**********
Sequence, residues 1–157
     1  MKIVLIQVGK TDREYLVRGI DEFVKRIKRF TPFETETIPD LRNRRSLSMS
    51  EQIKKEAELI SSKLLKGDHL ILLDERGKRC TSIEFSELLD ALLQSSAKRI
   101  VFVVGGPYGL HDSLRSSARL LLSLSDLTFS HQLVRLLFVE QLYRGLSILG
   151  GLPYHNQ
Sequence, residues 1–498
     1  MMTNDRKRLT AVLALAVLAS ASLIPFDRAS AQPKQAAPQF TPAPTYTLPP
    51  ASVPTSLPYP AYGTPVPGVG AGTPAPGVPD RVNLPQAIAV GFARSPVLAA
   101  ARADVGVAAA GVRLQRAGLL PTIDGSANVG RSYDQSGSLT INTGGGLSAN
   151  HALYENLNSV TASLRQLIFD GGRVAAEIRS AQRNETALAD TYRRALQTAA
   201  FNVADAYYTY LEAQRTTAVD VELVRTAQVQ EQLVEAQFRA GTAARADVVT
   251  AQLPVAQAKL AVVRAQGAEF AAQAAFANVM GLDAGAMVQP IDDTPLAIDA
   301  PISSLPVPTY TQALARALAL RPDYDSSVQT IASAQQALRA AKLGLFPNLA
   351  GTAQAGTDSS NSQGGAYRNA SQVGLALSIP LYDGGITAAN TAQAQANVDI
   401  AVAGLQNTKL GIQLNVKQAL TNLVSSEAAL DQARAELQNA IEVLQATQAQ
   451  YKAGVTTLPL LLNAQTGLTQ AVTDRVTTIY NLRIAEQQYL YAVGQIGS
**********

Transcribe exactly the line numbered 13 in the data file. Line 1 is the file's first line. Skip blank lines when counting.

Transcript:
   301  PISSLPVPTY TQALARALAL RPDYDSSVQT IASAQQALRA AKLGLFPNLA